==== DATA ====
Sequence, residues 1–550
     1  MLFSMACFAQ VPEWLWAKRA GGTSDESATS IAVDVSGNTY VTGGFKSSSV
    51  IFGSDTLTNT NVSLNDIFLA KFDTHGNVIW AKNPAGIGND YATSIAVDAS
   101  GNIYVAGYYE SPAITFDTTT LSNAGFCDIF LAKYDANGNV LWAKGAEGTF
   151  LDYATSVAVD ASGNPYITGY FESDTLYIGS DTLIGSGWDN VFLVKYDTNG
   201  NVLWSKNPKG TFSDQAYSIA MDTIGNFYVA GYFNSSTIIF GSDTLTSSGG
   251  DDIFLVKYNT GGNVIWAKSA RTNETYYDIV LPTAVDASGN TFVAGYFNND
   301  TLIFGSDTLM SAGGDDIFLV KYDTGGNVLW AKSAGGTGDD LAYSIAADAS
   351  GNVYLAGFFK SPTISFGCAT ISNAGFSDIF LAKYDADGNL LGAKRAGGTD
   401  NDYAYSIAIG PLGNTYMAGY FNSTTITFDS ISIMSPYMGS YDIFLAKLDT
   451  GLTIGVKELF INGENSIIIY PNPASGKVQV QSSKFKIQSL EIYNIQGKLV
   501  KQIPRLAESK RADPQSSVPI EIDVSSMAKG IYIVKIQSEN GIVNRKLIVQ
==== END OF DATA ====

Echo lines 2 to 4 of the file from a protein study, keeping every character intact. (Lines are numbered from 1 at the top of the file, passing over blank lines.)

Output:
     1  MLFSMACFAQ VPEWLWAKRA GGTSDESATS IAVDVSGNTY VTGGFKSSSV
    51  IFGSDTLTNT NVSLNDIFLA KFDTHGNVIW AKNPAGIGND YATSIAVDAS
   101  GNIYVAGYYE SPAITFDTTT LSNAGFCDIF LAKYDANGNV LWAKGAEGTF